Why 2023 is the comeback year for UK fintech? | Yonder CEO Tim Chong

Silicon Roundabout
3 min readMay 5


It’s fair to say consumer fintech has had a tough run of it recently. A sector which was once one of hottest investments in the market was hit by a wave of blows last year — from nose diving valuations to funding drops which saw businesses collapsing at an extraordinary rate.

The end of 2021 was a different story — stocks were rising again as the world recovered from the impact of the pandemic, and there was an air of anticipation from businesses that 2022 would signal the start of the ‘roaring 20s’. But rising interest rates and fuel prices, exacerbated by Russia’s invasion of Ukraine, has had serious consequences on all markets, with fintech a particular casualty. Investors inevitably became more cautious and many fintech startups saw their funding dry up.

Sifted reported recently that Europe saw the lowest fundraising quarter for six and a half years in Q1, with fintech the hardest hit. Combine that with the collapse of Silicon Valley Bank which served many innovative UK and US startups, and the outlook seems pretty bleak on the surface. So why should we expect a U-turn?

Challenges lead to innovation
There’s no doubt that capital has become 10 x harder to access, but it can be argued that challenges can often power change. Fintech is built on fast-moving innovation, and I’m confident that difficult economic climates will propel the fintech sector forward, creating a deeper environment of transformation and entrepreneurship.

The UK is a proud leader in fintech and is home to consumers with one of the highest fintech adoption rates in the world. Consumers here are driving the need for new and smarter ways to manage finances, and the talent, infrastructure and regulatory environment means that the UK is the perfect place to innovate, fast.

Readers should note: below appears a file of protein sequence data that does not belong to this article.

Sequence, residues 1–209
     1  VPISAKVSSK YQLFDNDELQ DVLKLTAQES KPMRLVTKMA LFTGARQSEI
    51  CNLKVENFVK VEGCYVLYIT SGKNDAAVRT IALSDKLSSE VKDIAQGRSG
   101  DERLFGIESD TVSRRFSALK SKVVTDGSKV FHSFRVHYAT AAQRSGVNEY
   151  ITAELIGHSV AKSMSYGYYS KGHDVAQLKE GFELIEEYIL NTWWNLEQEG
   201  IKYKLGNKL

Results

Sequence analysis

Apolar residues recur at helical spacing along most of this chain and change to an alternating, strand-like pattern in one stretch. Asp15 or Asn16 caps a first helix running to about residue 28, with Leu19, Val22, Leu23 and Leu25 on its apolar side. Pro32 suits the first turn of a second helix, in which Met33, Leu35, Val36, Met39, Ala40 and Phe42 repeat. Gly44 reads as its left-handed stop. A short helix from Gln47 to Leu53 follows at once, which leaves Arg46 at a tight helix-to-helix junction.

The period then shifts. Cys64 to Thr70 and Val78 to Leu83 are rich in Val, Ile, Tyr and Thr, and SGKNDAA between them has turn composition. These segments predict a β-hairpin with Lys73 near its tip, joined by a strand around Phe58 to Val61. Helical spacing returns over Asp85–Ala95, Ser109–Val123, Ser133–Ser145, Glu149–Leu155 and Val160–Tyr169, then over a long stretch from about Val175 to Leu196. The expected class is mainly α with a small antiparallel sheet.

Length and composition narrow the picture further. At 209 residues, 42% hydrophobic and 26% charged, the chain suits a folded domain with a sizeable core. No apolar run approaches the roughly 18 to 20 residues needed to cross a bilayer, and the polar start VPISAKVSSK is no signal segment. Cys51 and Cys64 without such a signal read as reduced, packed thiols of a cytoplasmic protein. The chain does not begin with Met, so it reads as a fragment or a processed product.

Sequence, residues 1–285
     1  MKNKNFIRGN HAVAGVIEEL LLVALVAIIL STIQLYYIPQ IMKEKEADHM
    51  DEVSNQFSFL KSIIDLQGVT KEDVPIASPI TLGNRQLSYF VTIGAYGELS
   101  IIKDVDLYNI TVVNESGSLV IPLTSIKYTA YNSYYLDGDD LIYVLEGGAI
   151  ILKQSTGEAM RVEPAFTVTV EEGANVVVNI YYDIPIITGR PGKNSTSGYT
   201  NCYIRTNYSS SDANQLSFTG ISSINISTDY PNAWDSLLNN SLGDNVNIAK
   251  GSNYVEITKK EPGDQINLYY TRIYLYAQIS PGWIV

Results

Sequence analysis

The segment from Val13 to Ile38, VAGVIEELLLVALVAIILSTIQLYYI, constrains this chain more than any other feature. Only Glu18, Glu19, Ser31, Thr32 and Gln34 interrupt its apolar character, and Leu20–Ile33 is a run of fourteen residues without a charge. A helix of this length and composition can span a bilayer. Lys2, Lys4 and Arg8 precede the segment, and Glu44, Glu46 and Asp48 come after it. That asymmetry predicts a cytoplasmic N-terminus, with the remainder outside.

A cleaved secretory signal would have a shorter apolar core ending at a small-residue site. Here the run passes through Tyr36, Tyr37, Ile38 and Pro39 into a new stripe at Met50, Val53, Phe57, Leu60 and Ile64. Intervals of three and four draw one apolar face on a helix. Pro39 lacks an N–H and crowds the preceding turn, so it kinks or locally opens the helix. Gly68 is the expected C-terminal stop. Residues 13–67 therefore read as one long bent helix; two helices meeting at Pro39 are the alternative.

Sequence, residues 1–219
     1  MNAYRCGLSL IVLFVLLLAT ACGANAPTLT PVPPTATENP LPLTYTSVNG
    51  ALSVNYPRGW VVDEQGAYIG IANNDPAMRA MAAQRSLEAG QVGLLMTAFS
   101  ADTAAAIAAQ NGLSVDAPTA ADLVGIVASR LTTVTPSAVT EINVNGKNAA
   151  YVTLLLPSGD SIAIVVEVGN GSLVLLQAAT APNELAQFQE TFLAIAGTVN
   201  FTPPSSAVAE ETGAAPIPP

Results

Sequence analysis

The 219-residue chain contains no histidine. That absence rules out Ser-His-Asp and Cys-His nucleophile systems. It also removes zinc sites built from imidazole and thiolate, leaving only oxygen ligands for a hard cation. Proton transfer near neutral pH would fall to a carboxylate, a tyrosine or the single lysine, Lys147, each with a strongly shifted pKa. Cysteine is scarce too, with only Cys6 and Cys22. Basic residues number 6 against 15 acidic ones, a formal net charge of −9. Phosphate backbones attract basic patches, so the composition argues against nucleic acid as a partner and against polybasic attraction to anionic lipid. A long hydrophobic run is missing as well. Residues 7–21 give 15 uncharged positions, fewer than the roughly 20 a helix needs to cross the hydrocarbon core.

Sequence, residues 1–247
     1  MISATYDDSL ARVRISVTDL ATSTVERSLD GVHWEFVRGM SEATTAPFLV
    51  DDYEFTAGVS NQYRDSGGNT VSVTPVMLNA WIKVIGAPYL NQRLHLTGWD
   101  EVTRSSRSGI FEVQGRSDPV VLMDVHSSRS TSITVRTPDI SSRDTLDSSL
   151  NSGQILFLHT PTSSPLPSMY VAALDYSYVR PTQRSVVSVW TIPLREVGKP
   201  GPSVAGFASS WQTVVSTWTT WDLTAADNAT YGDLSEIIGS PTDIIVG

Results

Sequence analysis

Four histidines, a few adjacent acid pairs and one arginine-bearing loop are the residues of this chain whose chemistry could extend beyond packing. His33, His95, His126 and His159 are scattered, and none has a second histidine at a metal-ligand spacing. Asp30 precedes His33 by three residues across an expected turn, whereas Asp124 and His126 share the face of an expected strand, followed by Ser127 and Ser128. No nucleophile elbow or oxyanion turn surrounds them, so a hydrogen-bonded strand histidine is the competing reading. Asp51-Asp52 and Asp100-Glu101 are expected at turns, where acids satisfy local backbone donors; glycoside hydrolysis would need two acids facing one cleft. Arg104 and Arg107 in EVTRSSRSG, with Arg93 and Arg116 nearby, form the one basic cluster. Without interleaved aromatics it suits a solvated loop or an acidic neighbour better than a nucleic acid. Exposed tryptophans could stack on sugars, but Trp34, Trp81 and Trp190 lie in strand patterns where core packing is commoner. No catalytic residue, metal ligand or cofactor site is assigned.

Full market transformation hasn’t happened yet
We’ve seen some extraordinary transformation of the finance market to date, fuelled by machine learning and Open Banking, but many areas of the market are still in their infancy. Take credit for example — when credit cards launched in the 1960s they were a revolutionary alternative to cash and instalment loans, but despite all the technological progress of the last two decades, credit cards still fundamentally haven’t changed.

We’ve seen a significant opportunity to rebuild the credit market through fintech, and we’ve just begun to scratch the surface of our vision. And credit is just one of many financial sectors at the start of steep change — areas like Insurtech and Wealthtech are also at the start of their growth journey.

High growth opportunities
The economy is hovering above a recession, so it’s to be expected that the first half of this year has been weak in the fintech investment market. But investors still need to invest — our recent Series A fundraise is proof of this. They’re just doing so more cautiously, looking for high growth opportunities and businesses with a fast path to profitability.

While fintech startups should expect much more scrutiny on profitability and financial forecasts when it comes to fundraising, there’s always opportunity for products and services that bring something new to the table.

Open Banking is evolving
Open Banking as a payments solution has come a long way, but it’s at the very start of its evolution. While we use Open Banking at Yonder to help us underwrite customers with no or thin credit files, we don’t feel comfortable relying on it fully yet and we’re seeing inconsistency in adoption. But the Joint Regulatory Oversight Committee (JROC) has just published its recommendations for the next phase of the Open Banking vision and we’re excited to see how these developments are going to open up new areas of opportunity in fintech innovation.

Markets across the world have seen downturns in the last few years, so fintech isn’t unique in the challenges it’s faced. But what’s important to remember is that financial services represent 8% of the nation’s GDP. It’s a huge industry, fuelled by great talent, infrastructure and regulation — the foundations of exciting growth.

Originally published at https://www.siliconroundabout.org.uk.



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